Publication Date



Savas Publishing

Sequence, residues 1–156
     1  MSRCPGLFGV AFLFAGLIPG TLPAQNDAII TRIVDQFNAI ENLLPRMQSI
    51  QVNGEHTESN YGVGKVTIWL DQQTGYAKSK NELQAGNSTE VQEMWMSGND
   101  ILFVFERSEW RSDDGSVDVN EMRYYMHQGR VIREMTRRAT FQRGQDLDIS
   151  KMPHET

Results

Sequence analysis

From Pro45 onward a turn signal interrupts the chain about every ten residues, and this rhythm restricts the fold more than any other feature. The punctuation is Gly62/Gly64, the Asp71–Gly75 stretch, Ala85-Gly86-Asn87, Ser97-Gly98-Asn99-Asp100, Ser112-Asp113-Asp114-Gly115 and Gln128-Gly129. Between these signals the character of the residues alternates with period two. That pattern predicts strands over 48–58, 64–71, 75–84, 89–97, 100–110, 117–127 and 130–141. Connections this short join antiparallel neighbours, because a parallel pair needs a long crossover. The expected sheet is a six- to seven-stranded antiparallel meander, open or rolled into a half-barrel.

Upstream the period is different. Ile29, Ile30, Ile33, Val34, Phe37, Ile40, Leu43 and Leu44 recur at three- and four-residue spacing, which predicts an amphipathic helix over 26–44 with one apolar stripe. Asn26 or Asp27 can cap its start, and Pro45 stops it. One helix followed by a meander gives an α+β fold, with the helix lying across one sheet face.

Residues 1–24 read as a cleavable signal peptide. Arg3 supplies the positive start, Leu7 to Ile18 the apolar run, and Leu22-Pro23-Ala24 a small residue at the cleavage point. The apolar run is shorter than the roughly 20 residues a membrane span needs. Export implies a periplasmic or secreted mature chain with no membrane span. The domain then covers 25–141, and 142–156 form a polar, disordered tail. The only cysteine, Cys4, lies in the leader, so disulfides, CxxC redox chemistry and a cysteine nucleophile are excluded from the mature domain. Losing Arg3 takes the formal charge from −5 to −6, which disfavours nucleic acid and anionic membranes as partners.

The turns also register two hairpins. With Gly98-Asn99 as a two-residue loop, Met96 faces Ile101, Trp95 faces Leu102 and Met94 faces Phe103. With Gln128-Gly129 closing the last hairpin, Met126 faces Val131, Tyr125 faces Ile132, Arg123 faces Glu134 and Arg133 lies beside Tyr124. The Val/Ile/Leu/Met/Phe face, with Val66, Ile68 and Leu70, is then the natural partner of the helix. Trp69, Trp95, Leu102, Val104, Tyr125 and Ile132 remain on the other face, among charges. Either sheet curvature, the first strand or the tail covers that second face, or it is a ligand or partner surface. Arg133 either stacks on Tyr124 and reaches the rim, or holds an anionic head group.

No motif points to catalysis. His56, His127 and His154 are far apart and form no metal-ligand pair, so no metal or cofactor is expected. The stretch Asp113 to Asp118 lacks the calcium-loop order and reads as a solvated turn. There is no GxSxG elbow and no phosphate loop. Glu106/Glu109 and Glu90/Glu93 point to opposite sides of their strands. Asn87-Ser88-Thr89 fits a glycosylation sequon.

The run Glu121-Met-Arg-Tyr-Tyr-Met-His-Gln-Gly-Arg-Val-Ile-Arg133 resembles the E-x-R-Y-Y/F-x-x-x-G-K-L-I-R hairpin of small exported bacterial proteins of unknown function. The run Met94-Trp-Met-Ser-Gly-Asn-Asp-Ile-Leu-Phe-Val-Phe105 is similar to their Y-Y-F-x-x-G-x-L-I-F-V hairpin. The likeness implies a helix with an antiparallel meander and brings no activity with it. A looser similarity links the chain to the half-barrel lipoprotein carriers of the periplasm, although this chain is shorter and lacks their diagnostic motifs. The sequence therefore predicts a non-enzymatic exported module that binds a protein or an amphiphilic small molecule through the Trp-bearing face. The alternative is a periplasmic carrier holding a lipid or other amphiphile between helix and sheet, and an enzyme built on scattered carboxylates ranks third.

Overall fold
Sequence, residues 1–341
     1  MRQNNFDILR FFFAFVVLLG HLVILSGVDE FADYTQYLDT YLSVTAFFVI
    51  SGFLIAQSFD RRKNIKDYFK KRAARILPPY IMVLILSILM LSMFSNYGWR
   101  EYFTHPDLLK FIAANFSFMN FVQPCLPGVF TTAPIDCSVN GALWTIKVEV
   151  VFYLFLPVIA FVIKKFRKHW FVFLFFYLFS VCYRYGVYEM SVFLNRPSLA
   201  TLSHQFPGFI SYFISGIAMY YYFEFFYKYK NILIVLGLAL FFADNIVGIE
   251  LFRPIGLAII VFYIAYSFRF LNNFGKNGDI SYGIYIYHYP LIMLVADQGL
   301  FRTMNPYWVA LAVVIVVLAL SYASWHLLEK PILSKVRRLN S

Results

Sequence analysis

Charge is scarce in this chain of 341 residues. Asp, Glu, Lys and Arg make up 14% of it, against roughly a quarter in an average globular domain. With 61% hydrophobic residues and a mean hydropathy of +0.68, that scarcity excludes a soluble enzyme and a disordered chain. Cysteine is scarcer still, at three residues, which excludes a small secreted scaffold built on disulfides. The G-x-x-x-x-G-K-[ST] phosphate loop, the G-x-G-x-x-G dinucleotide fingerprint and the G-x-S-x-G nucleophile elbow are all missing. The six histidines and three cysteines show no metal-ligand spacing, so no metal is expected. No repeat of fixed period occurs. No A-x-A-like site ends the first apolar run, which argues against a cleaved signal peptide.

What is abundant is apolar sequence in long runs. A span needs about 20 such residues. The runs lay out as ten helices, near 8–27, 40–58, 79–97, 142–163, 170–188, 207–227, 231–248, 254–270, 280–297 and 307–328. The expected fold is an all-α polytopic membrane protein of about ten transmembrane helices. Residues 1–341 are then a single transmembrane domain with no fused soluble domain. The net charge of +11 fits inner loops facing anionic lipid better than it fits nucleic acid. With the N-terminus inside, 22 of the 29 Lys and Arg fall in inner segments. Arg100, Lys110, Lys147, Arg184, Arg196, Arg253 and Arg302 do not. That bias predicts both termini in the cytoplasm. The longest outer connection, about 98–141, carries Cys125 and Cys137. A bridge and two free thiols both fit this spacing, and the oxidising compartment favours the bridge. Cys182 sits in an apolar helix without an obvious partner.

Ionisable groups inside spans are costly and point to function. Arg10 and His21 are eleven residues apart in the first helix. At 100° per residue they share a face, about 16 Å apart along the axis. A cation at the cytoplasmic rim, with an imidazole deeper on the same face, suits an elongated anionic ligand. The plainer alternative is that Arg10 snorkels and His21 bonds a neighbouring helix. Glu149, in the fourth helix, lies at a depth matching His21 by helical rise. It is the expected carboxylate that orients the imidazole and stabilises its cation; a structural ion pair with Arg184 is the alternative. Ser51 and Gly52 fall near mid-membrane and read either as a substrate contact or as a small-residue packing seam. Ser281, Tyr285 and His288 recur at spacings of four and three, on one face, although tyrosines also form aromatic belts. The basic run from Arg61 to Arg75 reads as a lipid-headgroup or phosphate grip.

More than 70 years have passed since a book has appeared that addresses Kentucky's role in the Civil War and its own internal conflict in the detail that the complexity of the twin issues requires. It cannot be for a lack of drama; nearly everyone who writes on the topic quotes Lincoln about the importance of Kentucky to the ultimate success of the Union cause. Lowell Harrison's 1976 volume on Kentucky during the Civil War was too restricted in length (by the series of which it was part) to do full justice to the topic. Kent Masterson Brown's collection of essays, The Civil War in Kentucky, might appear to suggest by its title that it seeks to fill this long-standing need in the literature, but it is not a comprehensive account of Kentucky during the War. Rather it is an interesting and very useful collection of essays. Brown, an attorney, is the author of Cushing of Gettysburg: The Story of a Union Artillery Commander and a number of articles. For some years he served as chair of the Perryville Battlefield Commission and of the Gettysburg National Military Park Advisory Commission. Like all anthologies, the essays are of varying strength and quality. In this case, however, there is less repetition and overlap among the essays than one might expect. The Civil War in Kentucky leads with its strongest and most interesting essay, John Y. Simon's "Lincoln, Grant, and Kentucky." Gracefully written, as one familiar with Simon's work would expect, deeply grounded in primary sources, and imaginative and insightful, Simon's essay is a masterpiece. Lowell Harrison also does a very fine job in his "The Government of Confederate Kentucky." These two essays are welcome additions to the literature by scholars who have a deep familiarity with the sources and the larger context for their topics. The largest subgroup of essays focuses on the major battles fought in Kentucky - Mill Springs, Richmond, Munfordville, and Perryville - and are well-written, narrative accounts by individuals thoroughly familiar with their topic. They will each serve well as short overviews of major actions. Essays on John Hunt Morgan and the Orphan Brigade bring those very familiar aspects of the war in Kentucky into the collection. Unfortunately, large areas of Kentucky's experience during the Civil War and a number of important actions and sites are omitted. The topics selected reflect a very traditional approach to the study of the War and little of the concerns of newer scholarship on the home front, African Americans, or women, for example. The collection would have been stronger had an essay addressing Kentucky African Americans and their experience during the War been included. Kentucky, by the official count, which is probably substantially low, contributed the second-largest number of African-American troops to the Union army, and Camp Nelson in Jessamine County was a major recruitment and training center for U.S. Colored Troops. Also, essays dealing with relations between the Union army in Kentucky and the people of Kentucky, and one on the far western area of the Commonwealth, might have further augmented the collection. As an introduction to its subject, The Civil War in Kentucky would make a worthy addition to any library. Well-illustrated, it also has maps that are useful especially in the chapters dealing with the battles. While not exactly as comprehensive as the title suggests, it is a welcome addition to the literature. William H. Mulligan, Jr. is an associate professor of history and director of the Forrest C. Pogue Public History Institute at Murray State University. With Joseph E. Brent he edited "Sacred Ground: Preserving America's Civil War Heritage" in the George Wright Society Forum (1998).